Remember those simpler days when you would ride your bike down to the store to spend your hard earned money on a new game you fancied, and you actually got what you paid for? Well times change. Nowadays many gaming experiences are segmented and muddled by day one DLC and exclusive pre-order bonuses. A lot of the content in these packages could have been in the original game, but as technology advances the cost to make games increases and developers take drastic measures keep their income up. This has become the norm as of late and many developers fallen into this trap which may very well hurt the entire industry.
Needlessly to say poorly handled DLC is a hot topic. A lot of people have ethical issues with the way many game developers handle DLC these days. Today I want to touch upon a very specific part of the DLC conundrum, namely something I like to call ‘useless DLC’. By this I mean downloadable content that doesn’t add anything worthwhile to the game or simply isn’t worth the money. The most infamous example of this is the The Elder Scrolls IV: Oblivion Horse Armor DLC package back in 2006. For a whopping two and a half dollars this downloadable content added two pairs of unsightly horse armor that made your horse last an extra two seconds in battle. Two and a half dollars may seem like nothing but this is a package that Bethesda actually put effort into and marketed to fans. It ended up to be a futile effort and crushing peoples expectations. A lot of people got upset when the DLC launched and criticized Bethesda for charging people for a simple in game item that should have been free in the first place. I, however, only got confused.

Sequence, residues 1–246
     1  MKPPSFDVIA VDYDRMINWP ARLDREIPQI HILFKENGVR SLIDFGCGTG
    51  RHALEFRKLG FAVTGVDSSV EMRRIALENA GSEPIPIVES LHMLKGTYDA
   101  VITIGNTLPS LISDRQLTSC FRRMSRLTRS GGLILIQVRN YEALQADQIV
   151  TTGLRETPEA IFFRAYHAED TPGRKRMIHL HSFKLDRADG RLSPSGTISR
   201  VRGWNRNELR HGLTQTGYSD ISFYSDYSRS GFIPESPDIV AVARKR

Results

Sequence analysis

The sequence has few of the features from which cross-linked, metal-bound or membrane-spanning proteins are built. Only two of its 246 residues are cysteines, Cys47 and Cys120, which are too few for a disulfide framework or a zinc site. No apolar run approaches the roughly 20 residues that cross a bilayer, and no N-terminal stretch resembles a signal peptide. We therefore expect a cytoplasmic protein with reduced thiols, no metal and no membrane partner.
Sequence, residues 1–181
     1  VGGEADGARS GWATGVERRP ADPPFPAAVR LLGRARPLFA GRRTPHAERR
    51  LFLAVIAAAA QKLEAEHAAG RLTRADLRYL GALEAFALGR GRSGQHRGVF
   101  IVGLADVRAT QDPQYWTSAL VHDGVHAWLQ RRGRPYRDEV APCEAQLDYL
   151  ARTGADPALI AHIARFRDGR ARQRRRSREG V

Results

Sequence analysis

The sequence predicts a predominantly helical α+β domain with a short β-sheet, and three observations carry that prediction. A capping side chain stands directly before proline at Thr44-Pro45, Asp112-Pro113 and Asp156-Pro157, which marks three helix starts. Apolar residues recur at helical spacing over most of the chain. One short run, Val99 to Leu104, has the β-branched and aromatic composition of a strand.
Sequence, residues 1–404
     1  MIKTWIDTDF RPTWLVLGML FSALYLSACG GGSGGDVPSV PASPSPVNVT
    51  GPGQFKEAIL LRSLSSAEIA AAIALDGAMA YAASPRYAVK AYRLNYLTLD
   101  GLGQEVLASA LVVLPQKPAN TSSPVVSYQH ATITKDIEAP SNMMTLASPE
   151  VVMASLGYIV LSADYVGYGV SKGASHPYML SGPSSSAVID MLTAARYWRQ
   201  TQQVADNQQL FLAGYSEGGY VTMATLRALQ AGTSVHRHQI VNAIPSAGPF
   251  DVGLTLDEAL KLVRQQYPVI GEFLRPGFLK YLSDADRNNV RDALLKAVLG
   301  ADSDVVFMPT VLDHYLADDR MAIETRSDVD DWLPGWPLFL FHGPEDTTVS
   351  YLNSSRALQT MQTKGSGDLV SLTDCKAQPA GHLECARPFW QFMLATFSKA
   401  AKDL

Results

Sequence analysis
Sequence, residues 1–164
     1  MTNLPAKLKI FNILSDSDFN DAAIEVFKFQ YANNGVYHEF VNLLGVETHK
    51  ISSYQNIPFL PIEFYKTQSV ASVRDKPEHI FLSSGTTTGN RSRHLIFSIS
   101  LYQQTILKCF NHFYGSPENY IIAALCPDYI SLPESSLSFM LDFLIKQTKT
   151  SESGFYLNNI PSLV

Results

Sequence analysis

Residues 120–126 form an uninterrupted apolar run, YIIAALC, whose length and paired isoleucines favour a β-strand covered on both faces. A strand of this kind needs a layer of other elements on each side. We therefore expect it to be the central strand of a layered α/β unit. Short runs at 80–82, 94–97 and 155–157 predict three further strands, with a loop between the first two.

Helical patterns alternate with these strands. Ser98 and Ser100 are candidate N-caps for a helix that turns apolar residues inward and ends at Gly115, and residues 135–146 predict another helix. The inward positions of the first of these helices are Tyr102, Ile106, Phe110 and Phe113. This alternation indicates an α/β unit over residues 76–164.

I started to wonder why they chose to release content like this. Bethesda Softworks is an experienced game development company. Surely they must have realized that this wouldn’t go down well with the public. I think they knew this very well in advance, but purposely chose to do it regardless. In this article I’d like to shed some light on some possible motives behind ‘Useless DLC’.
The matter of fact is that triple A game developers don’t often work in an efficient hierarchy. A lot of different disciplines have to work together in a tight formation and money is often the leading decision maker when it comes to creative direction. So when a game doesn’t do as well as expected the order to create downloadable content so the company can create extra income often comes from the company directors who have little insight in the creative process. The creatives, who by now have moved on to another project, are pulled off their current project and are basically forced to work on downloadable content. This often results in poor quality. Never force creativity, it simply doesn’t work.
The superiors are more concerned with the company bookkeeping than the quality of the game, as they should. But this bad communication between executives and creatives may still hurt the company in the end as their reputation may decline when they put out bad products.
Another reason may be desperation to keep a series alive. Often companies don’t have the necessary funds to create a sequel and by the time they do have the funds interest has died down. This is when they create DLC in order to keep people playing their game regardless of quality. They want to buy time until they can make a sequel. If you take a good hard look at the numbers it’s often more profitable to hurt a franchise with bad quality DLC than it is to let the fire fade. But in the long run it’s rarely worth it
There are many more reasons as to why video game developers purposely put out bad DLC, but this article is running long as it is. So let’s hear your voice. Why do you think that developers come up with bad downloadable content that may up hurting a beloved franchise? Tell me in the comments below!